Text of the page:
Metabolism in Adulthood Does Not Slow as Commonly Believed, Study Finds

Metabolic rate remains stable all through adult life, from age 20 to 60 years old

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Blaming those extra pounds on a slowing metabolism as you age? Not so fast.

A new international study counters the common belief that our metabolism inevitably declines during our adult lives. Well, not until we’re in our 60s, anyway.

Researchers found that metabolism peaks around age 1, when babies burn calories 50 percent faster than adults, and then gradually declines roughly 3 percent a year until around age 20. From there, metabolism plateaus until about age 60, when it starts to slowly decline again, by less than 1 percent annually, according to findings published Thursday in the journal Science.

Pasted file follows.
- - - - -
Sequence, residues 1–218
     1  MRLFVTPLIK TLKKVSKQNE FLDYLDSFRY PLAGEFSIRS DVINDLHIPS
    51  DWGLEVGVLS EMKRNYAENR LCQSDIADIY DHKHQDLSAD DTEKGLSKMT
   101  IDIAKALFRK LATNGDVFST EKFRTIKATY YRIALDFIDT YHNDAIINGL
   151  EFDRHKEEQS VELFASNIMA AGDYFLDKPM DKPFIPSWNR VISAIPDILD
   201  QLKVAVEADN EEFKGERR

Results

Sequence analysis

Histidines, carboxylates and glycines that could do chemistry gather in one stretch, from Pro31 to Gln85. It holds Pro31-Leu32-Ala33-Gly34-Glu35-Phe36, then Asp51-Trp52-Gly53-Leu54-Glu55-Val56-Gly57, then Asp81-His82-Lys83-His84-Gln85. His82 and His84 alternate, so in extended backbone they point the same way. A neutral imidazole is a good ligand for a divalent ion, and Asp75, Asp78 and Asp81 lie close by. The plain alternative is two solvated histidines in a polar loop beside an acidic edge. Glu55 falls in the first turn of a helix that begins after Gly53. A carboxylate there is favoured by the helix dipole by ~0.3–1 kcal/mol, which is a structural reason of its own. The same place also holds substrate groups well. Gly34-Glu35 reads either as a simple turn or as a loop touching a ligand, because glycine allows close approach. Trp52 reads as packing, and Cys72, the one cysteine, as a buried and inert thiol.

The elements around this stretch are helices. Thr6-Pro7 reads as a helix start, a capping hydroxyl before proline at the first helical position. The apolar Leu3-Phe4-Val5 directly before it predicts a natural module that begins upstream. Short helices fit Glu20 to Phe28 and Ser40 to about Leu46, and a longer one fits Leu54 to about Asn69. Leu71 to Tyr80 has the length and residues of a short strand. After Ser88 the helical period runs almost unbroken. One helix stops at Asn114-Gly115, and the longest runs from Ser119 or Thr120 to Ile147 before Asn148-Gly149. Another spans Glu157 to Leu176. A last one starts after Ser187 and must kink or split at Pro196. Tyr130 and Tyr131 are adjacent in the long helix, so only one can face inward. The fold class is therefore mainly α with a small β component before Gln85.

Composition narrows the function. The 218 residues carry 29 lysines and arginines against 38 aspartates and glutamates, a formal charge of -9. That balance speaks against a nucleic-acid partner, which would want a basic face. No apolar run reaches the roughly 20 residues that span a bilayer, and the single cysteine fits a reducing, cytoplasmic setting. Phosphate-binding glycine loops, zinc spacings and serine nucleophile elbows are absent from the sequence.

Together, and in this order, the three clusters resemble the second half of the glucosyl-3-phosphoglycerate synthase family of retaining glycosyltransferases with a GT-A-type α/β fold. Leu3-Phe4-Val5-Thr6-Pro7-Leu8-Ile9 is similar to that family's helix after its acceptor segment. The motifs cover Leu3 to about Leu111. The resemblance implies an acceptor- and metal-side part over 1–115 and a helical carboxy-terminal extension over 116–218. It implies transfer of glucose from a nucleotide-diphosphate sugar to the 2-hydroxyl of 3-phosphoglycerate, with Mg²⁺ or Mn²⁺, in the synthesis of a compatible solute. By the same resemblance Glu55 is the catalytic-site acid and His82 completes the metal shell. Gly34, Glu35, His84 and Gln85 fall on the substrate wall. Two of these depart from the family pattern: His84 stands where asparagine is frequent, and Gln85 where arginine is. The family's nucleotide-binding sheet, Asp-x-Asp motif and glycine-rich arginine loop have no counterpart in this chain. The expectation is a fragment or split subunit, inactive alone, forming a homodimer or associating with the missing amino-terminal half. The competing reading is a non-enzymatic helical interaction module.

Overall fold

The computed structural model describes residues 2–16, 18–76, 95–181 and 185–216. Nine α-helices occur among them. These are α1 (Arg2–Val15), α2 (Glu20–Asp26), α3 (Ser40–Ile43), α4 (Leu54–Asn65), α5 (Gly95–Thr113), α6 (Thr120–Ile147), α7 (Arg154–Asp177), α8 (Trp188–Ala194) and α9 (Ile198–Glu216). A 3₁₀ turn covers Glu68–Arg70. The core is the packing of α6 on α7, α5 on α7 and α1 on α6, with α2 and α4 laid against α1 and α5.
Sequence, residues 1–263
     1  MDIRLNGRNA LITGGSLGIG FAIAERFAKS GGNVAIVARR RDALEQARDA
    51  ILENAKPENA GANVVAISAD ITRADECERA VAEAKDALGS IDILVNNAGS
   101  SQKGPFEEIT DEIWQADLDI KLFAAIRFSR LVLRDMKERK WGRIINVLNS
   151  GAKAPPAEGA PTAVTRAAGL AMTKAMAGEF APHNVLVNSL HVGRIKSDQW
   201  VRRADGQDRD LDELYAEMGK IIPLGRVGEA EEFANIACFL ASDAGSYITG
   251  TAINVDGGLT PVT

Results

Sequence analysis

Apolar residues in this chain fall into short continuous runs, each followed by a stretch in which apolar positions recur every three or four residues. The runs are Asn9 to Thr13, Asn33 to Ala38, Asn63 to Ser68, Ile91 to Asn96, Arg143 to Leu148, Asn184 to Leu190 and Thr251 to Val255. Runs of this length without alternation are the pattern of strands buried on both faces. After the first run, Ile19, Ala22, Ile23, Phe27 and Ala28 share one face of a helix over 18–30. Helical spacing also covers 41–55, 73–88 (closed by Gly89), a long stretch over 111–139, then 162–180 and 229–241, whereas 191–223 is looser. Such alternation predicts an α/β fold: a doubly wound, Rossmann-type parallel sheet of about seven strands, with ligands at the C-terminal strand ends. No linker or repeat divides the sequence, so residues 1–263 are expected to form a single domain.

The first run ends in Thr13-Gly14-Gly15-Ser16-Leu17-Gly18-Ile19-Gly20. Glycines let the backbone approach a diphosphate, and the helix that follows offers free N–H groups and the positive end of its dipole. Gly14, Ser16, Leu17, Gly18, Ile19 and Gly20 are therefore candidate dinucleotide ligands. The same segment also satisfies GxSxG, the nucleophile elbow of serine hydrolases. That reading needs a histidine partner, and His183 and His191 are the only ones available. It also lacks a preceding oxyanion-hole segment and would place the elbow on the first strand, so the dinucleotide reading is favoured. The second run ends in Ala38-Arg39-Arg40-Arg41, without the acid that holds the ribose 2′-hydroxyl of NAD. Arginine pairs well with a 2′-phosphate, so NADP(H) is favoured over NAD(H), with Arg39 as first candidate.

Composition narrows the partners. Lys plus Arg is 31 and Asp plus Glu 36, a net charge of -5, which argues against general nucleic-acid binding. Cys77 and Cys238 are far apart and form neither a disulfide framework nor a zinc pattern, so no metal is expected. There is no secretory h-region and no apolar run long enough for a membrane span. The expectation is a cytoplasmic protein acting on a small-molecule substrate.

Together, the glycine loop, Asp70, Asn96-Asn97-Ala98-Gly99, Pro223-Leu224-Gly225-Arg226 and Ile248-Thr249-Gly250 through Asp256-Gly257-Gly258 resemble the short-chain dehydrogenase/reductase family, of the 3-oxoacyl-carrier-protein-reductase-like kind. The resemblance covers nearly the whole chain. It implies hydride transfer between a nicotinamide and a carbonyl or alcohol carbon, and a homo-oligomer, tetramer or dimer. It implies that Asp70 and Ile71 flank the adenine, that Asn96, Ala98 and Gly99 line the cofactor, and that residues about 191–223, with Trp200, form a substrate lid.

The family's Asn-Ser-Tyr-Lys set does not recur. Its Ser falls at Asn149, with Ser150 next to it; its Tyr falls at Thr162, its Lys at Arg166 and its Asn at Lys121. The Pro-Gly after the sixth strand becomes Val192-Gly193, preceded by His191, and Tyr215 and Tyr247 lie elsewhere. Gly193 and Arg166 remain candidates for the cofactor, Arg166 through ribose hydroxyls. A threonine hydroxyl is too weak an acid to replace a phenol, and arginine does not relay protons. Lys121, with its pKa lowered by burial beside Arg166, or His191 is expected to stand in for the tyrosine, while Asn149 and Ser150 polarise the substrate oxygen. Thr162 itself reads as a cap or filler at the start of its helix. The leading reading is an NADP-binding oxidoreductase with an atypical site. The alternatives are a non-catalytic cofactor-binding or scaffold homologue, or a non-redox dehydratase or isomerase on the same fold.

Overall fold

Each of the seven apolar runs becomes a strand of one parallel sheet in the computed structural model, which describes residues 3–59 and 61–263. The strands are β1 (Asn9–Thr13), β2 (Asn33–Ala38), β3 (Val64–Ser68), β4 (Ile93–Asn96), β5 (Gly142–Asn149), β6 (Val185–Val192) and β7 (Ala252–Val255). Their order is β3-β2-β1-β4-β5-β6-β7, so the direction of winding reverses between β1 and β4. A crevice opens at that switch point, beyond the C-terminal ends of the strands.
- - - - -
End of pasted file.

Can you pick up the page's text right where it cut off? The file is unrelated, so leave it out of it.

To tease out the specific impact of age on metabolism, the researchers adjusted for factors such as body size (bigger bodies burn more calories overall than smaller ones) and fat-free muscle mass (muscles burn more calories than fat).

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